Internet use by carers of people with dementia

Roger Watson, Editor

Internet use is increasing and a major reason for internet use is to seek health related information.  People seek information about their own health and about the people they are caring for and a study by Kim et al. (2014) titled: A secondary data analysis of Internet use in caregivers of persons with dementia and published in Nursing Open looks at internet use by carers of people with dementia.  In the words of the authors: 'Caregivers with poor health reported higher levels of caregiver stress appraised, which was associated with more Internet use for health-related purposes. It is required to develop effective Internet-based resources to meet the needs of highly stressed caregivers of persons with dementia.'

Reference

Kim H, Rose KM, Netemeyer RG, Merwin EI, Williams IC (2014) A secondary data analysis of Internet use in caregivers of persons with dementia Nursing Open doi:10.1002/nop2.2

Meet the Editors: Riitta Suhonen

Five Things About Riitta


Riitta Suhonen PhD, RN is Professor in Nursing Science and has a speciality in older people nursing science (Research and Education in Elderly Care) since 2011. She works in the Department of Nursing Science, University of Turku, Finland. 


1. Why did you become a nurse?

While I was a child I was often sick. One day while I was about 10 years old, sick again, I was speaking with my aunt. She had studied to be a nurse in Europe and worked in the United States and was visiting us in Finland. She asked me what I want to be while growing older. She advised to select a carrier in which I can help others. After high school, I really had many options in my mind, but surely the most interesting and attractive was work in healthcare. Thus, I first aimed to be a doctor, but was working as nurse’s aide in summer time, and had the idea of being a nurse. I graduated from nursing school, but continued my career a bit later in the university, obtained a masters and soon after that continued my doctoral studies. My clinical background is in surgical nursing care in a regional hospital, and I was also a senior ward sister on the same ward. After that, I was a quality and development manager of one healthcare area for many years.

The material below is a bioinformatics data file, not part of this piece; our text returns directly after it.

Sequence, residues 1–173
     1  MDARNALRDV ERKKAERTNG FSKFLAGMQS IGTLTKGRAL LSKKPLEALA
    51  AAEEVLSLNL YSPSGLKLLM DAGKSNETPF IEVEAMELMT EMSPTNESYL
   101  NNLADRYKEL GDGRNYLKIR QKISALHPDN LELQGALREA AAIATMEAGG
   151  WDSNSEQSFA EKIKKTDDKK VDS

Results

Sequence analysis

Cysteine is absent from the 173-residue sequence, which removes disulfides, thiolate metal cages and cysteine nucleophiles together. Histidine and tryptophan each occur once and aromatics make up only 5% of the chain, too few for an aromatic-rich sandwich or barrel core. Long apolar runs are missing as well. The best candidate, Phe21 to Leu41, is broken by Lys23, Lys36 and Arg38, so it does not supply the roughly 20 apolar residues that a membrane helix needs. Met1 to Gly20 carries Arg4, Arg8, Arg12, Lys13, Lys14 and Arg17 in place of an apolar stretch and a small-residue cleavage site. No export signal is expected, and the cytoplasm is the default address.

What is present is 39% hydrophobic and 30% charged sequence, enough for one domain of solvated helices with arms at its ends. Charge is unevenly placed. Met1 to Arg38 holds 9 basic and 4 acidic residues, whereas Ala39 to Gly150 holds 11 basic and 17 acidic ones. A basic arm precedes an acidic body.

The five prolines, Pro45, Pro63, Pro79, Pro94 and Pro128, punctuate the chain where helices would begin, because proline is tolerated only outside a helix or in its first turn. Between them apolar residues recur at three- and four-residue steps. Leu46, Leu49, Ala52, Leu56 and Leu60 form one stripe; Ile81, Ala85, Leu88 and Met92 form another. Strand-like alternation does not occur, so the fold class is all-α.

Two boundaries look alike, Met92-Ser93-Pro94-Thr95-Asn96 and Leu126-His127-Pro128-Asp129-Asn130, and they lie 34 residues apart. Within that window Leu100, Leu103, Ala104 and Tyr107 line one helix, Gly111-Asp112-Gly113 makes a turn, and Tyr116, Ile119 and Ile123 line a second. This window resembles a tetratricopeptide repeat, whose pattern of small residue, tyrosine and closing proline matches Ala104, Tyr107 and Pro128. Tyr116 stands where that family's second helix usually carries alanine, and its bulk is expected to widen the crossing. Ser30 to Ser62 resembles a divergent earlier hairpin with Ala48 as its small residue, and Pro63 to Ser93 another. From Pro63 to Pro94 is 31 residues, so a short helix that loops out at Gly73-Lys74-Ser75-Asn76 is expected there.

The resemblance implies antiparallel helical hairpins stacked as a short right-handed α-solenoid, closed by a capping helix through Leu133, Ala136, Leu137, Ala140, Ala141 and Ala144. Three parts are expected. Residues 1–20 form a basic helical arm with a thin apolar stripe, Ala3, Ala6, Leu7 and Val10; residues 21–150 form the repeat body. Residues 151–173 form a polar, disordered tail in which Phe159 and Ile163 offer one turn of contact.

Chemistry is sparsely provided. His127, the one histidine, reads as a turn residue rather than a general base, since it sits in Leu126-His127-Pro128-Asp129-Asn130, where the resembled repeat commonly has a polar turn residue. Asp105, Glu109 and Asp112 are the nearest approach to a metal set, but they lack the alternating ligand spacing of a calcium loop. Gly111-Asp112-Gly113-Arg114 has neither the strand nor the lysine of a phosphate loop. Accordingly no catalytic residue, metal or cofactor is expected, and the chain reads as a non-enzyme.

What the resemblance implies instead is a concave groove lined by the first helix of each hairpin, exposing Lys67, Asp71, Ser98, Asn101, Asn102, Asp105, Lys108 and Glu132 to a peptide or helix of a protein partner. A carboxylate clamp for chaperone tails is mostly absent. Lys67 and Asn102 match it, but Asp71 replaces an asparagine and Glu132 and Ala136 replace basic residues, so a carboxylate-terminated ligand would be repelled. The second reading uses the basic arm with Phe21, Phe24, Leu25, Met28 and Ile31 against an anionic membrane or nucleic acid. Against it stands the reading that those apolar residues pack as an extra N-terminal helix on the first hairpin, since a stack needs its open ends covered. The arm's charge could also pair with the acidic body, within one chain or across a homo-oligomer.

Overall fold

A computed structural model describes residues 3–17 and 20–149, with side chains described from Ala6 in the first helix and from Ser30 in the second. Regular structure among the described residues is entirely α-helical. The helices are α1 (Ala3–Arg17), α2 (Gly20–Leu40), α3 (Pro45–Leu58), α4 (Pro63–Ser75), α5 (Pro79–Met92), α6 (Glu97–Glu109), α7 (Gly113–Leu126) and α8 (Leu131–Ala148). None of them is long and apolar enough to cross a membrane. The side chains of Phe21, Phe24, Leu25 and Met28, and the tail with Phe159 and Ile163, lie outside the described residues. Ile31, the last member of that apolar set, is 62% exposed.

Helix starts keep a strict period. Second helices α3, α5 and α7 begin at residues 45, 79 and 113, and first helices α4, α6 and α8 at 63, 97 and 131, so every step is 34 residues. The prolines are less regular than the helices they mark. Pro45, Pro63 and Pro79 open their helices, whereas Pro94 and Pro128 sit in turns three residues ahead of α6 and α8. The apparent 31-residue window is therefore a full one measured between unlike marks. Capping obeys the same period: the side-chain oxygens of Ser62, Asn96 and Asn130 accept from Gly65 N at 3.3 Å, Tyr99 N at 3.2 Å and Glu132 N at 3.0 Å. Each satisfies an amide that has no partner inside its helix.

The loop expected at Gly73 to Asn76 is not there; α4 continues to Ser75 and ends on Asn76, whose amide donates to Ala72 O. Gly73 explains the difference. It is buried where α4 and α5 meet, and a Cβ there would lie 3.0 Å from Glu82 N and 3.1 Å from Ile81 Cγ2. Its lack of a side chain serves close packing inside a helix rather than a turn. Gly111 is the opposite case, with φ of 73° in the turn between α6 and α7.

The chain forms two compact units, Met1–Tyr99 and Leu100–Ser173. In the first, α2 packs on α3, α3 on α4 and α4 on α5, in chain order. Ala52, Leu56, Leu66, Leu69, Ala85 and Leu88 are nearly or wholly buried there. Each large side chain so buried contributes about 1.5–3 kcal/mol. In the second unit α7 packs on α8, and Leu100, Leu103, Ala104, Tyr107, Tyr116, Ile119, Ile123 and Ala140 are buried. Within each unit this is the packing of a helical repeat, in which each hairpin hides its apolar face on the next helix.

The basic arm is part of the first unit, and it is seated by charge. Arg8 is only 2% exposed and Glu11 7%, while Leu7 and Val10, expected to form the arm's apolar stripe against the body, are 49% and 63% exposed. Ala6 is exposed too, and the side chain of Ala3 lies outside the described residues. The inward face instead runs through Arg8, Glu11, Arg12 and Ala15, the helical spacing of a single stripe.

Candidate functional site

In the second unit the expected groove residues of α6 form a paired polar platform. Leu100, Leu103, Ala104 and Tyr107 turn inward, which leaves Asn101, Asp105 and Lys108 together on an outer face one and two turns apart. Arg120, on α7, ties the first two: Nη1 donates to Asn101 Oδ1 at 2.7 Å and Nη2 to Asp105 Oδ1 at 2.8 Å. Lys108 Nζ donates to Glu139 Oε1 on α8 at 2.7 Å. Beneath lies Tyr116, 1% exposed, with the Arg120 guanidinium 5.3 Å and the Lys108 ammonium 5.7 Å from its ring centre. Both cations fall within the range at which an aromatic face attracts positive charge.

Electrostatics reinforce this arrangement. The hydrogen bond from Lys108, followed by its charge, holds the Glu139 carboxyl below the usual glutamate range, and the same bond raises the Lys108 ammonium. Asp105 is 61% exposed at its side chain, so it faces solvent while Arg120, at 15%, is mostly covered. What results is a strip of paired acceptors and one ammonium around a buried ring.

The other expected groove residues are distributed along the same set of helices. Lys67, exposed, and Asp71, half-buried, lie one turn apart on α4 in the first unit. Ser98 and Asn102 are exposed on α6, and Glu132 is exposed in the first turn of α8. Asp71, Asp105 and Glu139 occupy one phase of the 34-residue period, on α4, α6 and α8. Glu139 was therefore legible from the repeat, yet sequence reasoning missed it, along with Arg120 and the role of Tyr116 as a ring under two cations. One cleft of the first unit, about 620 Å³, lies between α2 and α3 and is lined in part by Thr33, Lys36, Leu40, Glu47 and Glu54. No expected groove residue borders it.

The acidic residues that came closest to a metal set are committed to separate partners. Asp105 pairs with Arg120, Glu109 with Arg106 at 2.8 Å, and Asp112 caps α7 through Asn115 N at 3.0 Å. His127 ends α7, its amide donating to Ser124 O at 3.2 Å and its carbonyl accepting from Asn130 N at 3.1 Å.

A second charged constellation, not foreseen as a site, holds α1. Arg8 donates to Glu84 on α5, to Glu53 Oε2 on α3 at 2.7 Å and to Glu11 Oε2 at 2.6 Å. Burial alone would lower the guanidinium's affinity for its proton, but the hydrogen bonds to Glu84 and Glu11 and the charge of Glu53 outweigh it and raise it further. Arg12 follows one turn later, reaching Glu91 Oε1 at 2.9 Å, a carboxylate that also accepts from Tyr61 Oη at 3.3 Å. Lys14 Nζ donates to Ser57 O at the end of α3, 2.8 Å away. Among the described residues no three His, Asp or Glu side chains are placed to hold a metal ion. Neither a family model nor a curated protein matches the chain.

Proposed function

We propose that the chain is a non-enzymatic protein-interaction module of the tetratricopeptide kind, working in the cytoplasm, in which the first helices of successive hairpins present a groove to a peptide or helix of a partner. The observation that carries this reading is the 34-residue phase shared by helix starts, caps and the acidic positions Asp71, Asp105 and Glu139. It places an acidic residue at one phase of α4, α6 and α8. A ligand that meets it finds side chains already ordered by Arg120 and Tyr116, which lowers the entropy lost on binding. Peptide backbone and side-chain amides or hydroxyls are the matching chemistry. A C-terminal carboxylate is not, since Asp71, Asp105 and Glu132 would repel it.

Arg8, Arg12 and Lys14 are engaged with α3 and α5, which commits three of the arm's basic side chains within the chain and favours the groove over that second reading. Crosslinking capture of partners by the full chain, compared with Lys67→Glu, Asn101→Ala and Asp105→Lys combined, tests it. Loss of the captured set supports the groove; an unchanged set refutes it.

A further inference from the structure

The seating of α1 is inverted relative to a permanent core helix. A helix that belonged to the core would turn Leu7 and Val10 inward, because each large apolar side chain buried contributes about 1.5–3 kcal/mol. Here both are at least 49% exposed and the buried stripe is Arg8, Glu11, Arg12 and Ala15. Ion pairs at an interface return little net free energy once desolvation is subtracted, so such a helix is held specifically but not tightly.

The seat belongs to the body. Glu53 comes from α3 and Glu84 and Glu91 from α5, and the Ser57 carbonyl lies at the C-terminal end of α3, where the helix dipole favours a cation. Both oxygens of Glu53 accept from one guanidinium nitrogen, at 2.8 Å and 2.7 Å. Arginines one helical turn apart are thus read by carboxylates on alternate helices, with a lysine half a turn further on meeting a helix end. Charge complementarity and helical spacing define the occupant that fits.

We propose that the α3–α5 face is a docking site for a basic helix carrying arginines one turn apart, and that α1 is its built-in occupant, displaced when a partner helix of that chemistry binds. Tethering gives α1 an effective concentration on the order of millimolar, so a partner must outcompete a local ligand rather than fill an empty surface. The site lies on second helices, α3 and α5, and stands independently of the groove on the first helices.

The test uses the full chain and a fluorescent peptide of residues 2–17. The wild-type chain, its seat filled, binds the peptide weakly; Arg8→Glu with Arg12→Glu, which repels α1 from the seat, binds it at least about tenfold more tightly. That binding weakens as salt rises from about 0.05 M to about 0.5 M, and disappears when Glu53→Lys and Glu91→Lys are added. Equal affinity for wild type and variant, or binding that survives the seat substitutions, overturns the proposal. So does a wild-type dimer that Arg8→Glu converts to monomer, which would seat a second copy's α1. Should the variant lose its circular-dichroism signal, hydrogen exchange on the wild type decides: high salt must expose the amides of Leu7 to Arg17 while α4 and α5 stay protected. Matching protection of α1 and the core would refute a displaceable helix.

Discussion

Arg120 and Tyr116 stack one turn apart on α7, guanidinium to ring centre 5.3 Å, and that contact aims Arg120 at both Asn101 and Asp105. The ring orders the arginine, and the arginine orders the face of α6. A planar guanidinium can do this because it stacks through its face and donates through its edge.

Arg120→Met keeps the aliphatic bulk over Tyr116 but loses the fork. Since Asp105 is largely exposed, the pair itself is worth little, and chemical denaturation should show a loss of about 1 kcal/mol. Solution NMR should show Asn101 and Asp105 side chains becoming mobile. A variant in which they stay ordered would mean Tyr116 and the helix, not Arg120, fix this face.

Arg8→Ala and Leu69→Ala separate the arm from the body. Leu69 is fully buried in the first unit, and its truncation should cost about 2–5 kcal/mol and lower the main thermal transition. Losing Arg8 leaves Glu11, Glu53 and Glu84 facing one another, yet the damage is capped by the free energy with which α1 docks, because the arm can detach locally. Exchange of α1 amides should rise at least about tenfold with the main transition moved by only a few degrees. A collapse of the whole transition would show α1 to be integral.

2. Why did you become an editor?

I have been interested in scientific writing for many years. I teach in the masters and doctoral programme in the University of Turku. At the moment, I have over 120 peer-reviewed scientific publications. While having published a lot, I was also keen on seeing the publication process from the other side, from the editor’s desk and publishing house. I have been an editorial board member for many journals, and also committed to this work with journal editors, editorial board members and publishing house staff. I am currently the editor of the Finnish Journal of Nursing Science, but I will be stepping down from that position at the end of this year.

3. What advice would you give to aspiring editors?

An editor’s position is significant and the work is demanding. However, this position can advance scientist’s carrier and there is still lots to learn all the time. Life is learning. I would advise to take your moment and take the job if somebody is offering the opportunity. This position is on the frontier of current developments in the field.

4. What are the main challenges for nursing in the next decade?